Primary really does rock!

I’ve just returned from #PrimaryRocksLive (other educational conferences are available) and am tired but totally inspired!

There has been some criticism about teachers attending CPD on Saturdays which I find rather odd. It is a choice! The naysayers’ response to this? It will become expected. My response to this? Ridiculous! It’s like saying that if a member of staff does an after-school club, everyone will be expected to do one, or if a member of staff creates a fabulous reading area, everyone will be expected to do one.

I could discuss why this culture of some teachers feeling threatened by others has developed but that would take this blog in a direction that was not intended. Instead, I want to celebrate the collaborative nature of #PrimaryRocksLive.

The day began with an introduction by one of the organisers @gazneedle (my first follower on Twitter)! This was followed by an uplifting keynote from @musicmind. She certainly got us all in the mood and set the positive tone for the day with a sing-a-long and dance to Pharrell William’s ‘Happy’. Her important message about bringing creativity into the classroom sang out loud and clear. Shout out to the teacher who came up with the idea of attaching a toy to some kites and launch it to generate ideas for writing, i.e. what did the toy see on its travels? Genius!

After a goosebump inducing live (via Skype) performance by a children’s choir, organised by @grahamandre, it was time for the first workshop.

Sadly, I haven’t found a way, yet, to clone myself and go to all the workshops. It’s times like this that Hermione’s time turner would come in very handy! The workshops I attended, however, did not disappoint.

First up was @jenwillis with her excellent workshop about using manipulatives in maths. She showed us a great idea for teaching times tables (I now know 7 x 8 by the way) using a counting stick and the ‘boss’ number. I was sitting with someone who said as a non-teacher he wasn’t sure how to use base ten equipment to solve column addition, so the teacher in me took over and I dutifully demonstrated how to do it – only to discover it was @jpembroke data analyst extraordinaire!

Lunch came next with a chance to catch up with people, although frustratingly there were people I chat with on Twitter that I didn’t realise were there or didn’t get the chance to speak to. Also, at lunch time the famous ice cream van arrived. Big thanks to @MissKnuckles and @Snotlady5 for getting me an ice cream.

After lunch, were the final two workshops back-to-back. First for me was the wonderful @claresealy who talked at length about all things memory, before breaking her own rule about bearing in mind cognitive load and going on to explain the process behind her school’s 3-D curriculum. It was truly fascinating stuff and perfectly timed for me, as curriculum lead, at a time when we’re just starting to draw out the key knowledge and vocabulary from my own school’s curriculum. See Clare’s expertly written blog: for more details.

A tough act to follow but @chrisdyson managed it with his upbeat talk about how he turned around a failing school, which had previously had five headteachers in a year, to become an outstanding school in just three and a half years; all with the power of love. From whole school trips to the beach, to helicopter rides and Christmas grottos and the Real Junk Food Project providing affordable/free food for the community, Chris’ enthusiasm knows no bounds! Listening to him talk really gives you the sense that anything is possible.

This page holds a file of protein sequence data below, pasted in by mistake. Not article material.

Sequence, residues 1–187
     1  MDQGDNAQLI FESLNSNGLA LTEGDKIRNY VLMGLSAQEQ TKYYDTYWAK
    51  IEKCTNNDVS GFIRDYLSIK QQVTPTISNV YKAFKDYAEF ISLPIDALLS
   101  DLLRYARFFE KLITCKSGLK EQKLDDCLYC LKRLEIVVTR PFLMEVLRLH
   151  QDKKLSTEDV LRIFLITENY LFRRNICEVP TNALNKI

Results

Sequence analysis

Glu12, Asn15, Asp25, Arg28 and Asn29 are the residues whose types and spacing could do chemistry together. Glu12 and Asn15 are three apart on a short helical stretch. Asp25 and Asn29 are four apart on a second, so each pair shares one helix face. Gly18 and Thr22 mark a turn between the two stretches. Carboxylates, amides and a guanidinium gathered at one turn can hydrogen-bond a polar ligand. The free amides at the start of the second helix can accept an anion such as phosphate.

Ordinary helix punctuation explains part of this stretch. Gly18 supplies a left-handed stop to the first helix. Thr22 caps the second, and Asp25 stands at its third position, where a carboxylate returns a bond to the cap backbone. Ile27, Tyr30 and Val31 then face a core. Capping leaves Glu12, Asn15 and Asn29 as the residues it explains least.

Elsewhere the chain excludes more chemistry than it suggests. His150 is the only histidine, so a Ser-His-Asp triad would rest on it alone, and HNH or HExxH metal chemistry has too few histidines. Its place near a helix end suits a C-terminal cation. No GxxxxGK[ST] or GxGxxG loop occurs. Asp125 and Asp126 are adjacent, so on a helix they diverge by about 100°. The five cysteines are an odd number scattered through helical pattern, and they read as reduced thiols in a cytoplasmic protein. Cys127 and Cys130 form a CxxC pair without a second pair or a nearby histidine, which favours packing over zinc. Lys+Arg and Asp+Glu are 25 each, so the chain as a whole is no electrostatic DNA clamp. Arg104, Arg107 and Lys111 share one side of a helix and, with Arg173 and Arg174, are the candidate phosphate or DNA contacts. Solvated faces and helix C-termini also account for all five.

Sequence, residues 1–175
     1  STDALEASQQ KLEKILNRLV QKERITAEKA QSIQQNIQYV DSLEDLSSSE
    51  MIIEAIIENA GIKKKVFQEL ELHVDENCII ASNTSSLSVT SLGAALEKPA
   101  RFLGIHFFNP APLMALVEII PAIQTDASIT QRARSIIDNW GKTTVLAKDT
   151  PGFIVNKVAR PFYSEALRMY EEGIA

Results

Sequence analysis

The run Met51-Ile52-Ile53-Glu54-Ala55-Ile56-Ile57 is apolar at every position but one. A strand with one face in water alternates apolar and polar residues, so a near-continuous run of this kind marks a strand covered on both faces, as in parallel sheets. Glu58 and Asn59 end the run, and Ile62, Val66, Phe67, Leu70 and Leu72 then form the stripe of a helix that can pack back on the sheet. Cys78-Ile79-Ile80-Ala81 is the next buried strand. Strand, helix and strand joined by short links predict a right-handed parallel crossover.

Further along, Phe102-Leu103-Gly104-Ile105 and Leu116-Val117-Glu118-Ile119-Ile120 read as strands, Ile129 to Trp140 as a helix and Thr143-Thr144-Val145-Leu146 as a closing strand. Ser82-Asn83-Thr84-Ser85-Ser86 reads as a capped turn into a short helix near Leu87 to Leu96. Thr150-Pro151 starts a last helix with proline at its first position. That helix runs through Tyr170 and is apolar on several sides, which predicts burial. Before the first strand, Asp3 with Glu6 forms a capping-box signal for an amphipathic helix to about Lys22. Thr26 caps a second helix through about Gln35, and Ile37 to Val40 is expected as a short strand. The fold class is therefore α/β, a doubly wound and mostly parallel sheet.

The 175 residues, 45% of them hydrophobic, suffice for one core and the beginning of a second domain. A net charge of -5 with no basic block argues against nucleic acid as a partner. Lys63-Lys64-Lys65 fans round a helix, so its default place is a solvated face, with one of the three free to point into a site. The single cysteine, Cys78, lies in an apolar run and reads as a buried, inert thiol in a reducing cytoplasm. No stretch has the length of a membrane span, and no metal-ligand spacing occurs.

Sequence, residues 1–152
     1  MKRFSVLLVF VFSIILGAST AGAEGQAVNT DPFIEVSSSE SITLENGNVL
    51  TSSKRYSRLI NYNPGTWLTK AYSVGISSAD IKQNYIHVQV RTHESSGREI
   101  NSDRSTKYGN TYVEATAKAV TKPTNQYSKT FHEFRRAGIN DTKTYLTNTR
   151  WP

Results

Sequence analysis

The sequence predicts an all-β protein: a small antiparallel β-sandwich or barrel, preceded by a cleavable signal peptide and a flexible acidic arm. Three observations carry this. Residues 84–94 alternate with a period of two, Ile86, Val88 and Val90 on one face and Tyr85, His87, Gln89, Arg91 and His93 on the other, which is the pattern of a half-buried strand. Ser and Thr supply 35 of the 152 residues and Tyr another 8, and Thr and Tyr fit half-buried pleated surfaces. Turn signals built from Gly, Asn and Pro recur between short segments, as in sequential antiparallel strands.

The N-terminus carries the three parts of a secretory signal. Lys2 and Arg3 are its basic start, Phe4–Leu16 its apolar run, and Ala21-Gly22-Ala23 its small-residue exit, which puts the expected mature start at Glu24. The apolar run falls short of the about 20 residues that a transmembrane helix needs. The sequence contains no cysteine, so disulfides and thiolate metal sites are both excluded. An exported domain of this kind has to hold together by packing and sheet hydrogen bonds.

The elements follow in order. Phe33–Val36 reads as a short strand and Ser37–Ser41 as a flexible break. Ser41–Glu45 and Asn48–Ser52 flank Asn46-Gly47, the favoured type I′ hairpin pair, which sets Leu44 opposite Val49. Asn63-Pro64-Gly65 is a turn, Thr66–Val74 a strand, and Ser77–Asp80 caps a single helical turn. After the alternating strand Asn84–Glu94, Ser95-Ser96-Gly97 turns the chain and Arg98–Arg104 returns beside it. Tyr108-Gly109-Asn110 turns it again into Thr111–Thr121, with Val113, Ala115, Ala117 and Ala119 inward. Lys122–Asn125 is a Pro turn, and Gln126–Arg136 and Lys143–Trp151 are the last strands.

There were many other people who selflessly gave up their time to run workshops at this fabulous event: @bryngoodman, @MrHeadComputing, @bbcTeaching, @Mr_P_Hillips, @redgierob, @misterunwin, @jpembroke, @TheHopefulHT, @smithsmm, @primarypercival, @shinpad1, @ASTsupportAAli, @KSunray3, @mrlockyer to name but a few. It’s @Glazgow who wins the prize for getting up the earliest! 3am?! Now that’s dedication!

It seemed like no time had passed when suddenly it was time for the final keynote: a double act from @primaryhead and @Oldprimaryhead1, and what a double act! They had us in stitches from the beginning but their entertaining and engaging ‘performance’ had serious undertones – an exploration of authentic leadership. The enormity of the job of heads was brought home but also that we, as teachers, are all leaders in our own right.

Then it was time to take our goodie bags and leave the amazing setting that was Medlock Primary School. So glad that @MissSMerrill and her fabulous school decided to go ahead with the event at such a difficult time for them.

Any regrets? Yes, one actually. I had hoped to get a selfie with the Pens of Calligra @Lost Pens massive: @AnnisbrownJ, @WatsEd, @f33lthesun, @Elsie2110, @bbcTeaching and @Mr_P_Hillips (@MrEFinch and @MrGPrimary also regularly contribute but were not in attendance) to send to its creator @Parky_teaches who couldn’t attend. If you get a chance check it out! With a new chapter of the adventure unveiled each day (chosen by the players the day before) designed for use with a class, although it’s also fun to do yourself!

So, are Saturday CPD events worth it? Absolutely. This was my first #PrimaryRocksLive and my fourth edu-Twitter Saturday CPD event and I loved every minute. I’m already looking forward to the next one. So far, I’ve been fortunate enough to see (in no particular order) Mary Myatt, Teresa Cremin, Rob Smith, Simon Smith, Clare Sealy, Chris Dyson, Ashley Booth, Ben Connor, Colin Grimes, Tim Head, Bryn Goodman, Mr P ICT, Jen Willis, Jules Pottle, Maz Evans and S.F. Said.

I am yet to see the master of vocabulary: @Mr_P_Hillips so he is definitely next, but who else do I need to see at my next Saturday CPD event? Answers on a postcard – well @, to @LTeacher123 please.




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